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Monday, February 5, 2018

What Does the Tax Cuts and Jobs Act Mean for Small Business Losses?

Everyone is scrambling to figure out how the Tax Cuts and Jobs Act (TCJA) will affect the amount of taxes they have to pay. The sweeping changes impact not only personal income tax, but also businesses. In addition to getting rid of the corporate alternative minimum tax (AMT), lowering the corporate income tax and giving a deduction to people who own pass-through entities, the Act did away with a lot of tax breaks, and many of the changes only last a few years. Our small business lawyers talk about what the TCJA mean for small business losses.

Limits on Business Net Operating Losses

If you have business net operating losses (NOLS) after December 31, 2017, you can only use them to offset taxable income by 80 percent instead of the previous maximum of 100 percent. Also, with the exception of some farming losses, you can no longer use your NOLs for a previous year, but you can carry them forward indefinitely to use in future years. Of course, the word “indefinitely” does not mean the same thing when it comes to taxes as it does in the rest of the universe.

Deductions for Excess Business Losses

Non-corporate taxpayers who sustain excess business losses that are larger than the threshold may see some of their losses disallowed under the TCJA. They might, however, be able to carry the losses forward to future tax years and then deduct them, using the NOLs rules. Certain farming losses, on the other hand, can be carried back for up to two years. You must also apply the rules on passive activity losses to excess business losses. This change applies to tax years beginning after December 31, 2017, and it sunsets on December 31, 2025.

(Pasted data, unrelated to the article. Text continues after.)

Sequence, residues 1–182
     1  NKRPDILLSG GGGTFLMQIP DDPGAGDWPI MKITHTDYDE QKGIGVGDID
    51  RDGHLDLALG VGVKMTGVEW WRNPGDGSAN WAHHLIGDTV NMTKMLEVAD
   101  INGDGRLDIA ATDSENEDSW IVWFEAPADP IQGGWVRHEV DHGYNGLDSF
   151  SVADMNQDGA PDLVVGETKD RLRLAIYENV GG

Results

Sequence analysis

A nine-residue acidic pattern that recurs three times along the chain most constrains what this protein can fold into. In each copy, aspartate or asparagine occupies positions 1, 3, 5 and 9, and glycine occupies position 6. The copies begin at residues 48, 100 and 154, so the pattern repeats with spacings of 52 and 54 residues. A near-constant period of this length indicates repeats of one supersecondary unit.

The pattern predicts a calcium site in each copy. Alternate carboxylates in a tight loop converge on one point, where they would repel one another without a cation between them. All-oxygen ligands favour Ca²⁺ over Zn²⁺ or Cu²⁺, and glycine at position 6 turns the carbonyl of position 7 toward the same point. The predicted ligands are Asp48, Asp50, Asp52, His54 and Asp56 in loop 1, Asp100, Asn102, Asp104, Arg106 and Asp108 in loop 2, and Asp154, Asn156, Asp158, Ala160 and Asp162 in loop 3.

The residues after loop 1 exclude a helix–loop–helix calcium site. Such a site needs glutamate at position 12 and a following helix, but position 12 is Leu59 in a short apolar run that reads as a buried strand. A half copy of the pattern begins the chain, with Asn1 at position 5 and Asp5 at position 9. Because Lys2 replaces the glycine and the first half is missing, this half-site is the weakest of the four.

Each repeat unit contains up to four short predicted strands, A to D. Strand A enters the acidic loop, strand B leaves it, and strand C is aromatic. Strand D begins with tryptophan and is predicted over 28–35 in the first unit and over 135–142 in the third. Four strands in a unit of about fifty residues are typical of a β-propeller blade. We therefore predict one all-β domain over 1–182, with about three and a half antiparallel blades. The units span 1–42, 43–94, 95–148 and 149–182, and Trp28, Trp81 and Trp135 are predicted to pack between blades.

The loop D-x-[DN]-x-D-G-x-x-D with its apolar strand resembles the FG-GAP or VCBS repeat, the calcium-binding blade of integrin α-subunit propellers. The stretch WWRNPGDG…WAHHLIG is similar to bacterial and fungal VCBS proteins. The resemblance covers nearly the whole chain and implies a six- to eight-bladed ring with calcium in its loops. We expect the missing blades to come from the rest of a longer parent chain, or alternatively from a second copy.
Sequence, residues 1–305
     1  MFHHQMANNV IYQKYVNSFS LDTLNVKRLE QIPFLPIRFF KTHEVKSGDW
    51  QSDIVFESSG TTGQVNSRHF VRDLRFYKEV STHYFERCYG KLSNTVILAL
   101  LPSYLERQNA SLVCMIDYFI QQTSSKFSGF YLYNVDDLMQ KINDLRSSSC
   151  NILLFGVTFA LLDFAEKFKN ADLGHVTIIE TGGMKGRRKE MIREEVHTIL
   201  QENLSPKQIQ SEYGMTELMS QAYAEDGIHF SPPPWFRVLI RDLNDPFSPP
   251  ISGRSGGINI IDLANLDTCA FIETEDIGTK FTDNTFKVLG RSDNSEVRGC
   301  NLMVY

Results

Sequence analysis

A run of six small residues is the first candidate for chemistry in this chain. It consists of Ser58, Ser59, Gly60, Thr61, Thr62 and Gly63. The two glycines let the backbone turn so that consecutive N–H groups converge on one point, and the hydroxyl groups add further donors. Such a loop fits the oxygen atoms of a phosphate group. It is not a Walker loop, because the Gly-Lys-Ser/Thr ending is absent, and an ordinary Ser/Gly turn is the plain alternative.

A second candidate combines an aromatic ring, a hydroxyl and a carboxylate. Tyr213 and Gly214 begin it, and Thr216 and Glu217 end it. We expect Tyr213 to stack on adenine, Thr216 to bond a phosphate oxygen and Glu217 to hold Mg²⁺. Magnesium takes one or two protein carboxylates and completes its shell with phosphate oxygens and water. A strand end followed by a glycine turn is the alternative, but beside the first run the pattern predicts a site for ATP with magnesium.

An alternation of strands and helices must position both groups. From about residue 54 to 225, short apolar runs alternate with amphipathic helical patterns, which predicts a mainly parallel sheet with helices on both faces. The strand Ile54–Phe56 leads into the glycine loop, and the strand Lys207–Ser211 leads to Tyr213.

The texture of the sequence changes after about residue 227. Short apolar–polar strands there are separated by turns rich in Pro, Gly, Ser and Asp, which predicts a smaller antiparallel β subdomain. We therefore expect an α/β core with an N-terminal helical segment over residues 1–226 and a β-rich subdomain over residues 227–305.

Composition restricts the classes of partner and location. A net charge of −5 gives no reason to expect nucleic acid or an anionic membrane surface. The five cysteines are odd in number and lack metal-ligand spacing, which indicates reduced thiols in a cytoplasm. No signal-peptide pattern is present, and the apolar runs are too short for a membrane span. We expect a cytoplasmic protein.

But not so fast. If you do not have at least $500,000 in income from sources that are not trades or businesses, the new excess business loss rule does not apply to you. You can fly right under its radar.

How Loss Carryovers Work

After you lump together all the qualified business income the taxpayer has from all her qualified trades or businesses during the year, if the net amount is a loss, she can carry that loss forward into the subsequent tax year to reduce that year’s qualified business income. This provision does not apply to income, losses, or deductions related to certain kinds of investments, for example, dividends, dividend equivalents, capital gains or losses, or interest income that you cannot link to a trade or business.

Understanding Qualified Business Income Under the TCJA

You arrive at the amount of qualified business income by subtracting deductions and losses from income and gains. These items must satisfy the Act’s requirements to be qualified items. They must also be related to the taxpayer’s qualified trade or business. You cannot include any reasonable compensation the taxpayer receives from an S corporation or any payments the trade or business makes to a partner. Only after satisfying these rubrics can something be a qualified item of income, gain, loss, or deduction under the TCJA.

It will take time for people to get used to the changes set forth in the TCJA.  Contact the Law Office of Carey Thompson today to develop a tax-savings strategy for your business.


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